Battlefield 3 Multiplayer

Chute to kill.

I'm lost. It's not something I'm proud of, but I have no idea where I need to be going. I'm on the attacking force in a Squad Rush multiplayer game of Battlefield 3 and I'm running around like a headless chicken, trying to work out where those target markers are pointing.

Things started so well, too. We advanced efficiently along a mountain pass, dealt with some sneaky snipers who'd taken cover in the long grass at the top of a rise, and we'd driven the defending team back from the first two objective markers with ruthless efficiency. We were unbeatable. We were badasses.

But now I'm scampering about like a drunken puppy, trying to find some tunnel or doorway that will allow me into the guts of this enemy base. The objective markers are below me, so unless the game is horribly glitched, there must be a way in. One of my brothers in arms sprints past me and hurls himself off the helipad, clearly driven to suicide in the hopes that a respawn would put him back on track and make the way forward clear.

That's when, after an embarrassingly long time, the penny drops. I dash to the side of the helipad and peer cautiously over the edge. There, half a kilometre straight down, is the next objective. Halfway there already, my fellow soldier's parachute flutters into life. I take a deep breath and jump.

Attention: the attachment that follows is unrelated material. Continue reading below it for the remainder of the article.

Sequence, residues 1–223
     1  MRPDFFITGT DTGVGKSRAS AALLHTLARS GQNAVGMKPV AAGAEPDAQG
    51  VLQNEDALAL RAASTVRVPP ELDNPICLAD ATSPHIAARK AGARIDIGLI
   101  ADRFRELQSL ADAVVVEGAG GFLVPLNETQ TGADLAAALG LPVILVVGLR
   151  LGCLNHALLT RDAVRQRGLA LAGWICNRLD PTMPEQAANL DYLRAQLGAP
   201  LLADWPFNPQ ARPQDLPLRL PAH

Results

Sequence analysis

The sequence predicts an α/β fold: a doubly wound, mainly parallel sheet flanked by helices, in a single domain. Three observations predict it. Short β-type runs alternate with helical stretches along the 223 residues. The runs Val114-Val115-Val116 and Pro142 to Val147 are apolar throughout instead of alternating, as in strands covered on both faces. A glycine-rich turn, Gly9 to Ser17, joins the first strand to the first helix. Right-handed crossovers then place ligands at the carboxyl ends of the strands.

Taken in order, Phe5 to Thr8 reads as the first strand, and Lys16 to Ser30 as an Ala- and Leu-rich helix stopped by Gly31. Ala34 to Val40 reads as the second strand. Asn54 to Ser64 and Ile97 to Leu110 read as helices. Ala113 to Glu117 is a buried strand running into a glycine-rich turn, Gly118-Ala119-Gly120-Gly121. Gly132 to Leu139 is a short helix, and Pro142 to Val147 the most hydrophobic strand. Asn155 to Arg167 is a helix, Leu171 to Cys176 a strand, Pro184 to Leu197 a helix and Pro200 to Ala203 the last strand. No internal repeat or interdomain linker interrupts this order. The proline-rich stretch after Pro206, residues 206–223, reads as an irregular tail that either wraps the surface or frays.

Welcome to Damavand Peak.

It's a moment of relief, not only because I'm back in the game and pretending I knew to do this all along, but because it means that DICE hasn't lost its knack. After the suspiciously COD-like Metro map in the beta, I was genuinely concerned that the masters of multiplayer map design had lost their touch, the unique flavour of old subsumed by the need to win over rival fans.

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All your base jump are belong to DICE.

Damavand Peak, it turns out, is a quintessential Battlefield map. It's vast. It's varied. You can approach its objectives from dozens of directions, and join the battle in countless ways. Whatever class you favour, whatever loadout you've picked, it feels like the map was designed just for you. And yet for all its flexibility, it keeps moving forwards, relentlessly. Apart from, you know, when feckless journalists don't pay attention and somehow miss that their entire squad has performed a 500m base jump.

It's that jump that will get all the attention of course, but it's more than just a gimmicky stunt. Once you realise that this is the part where you hurl yourself into the abyss, there's a natural elation as you freefall down, seeing the tiny toytown buildings thundering up to meet you, as you dare yourself to wait one more second before deploying your chute. In live play, this is where lots of giddy noobs will meet their end. Just as newcomers hung around helicopter spawn points, only to be picked off by shrewd snipers, so ruthless sharpshooters will earn healthy XP from the fact that a veritable shower of fresh meat will be flinging itself into their sights from the same point.

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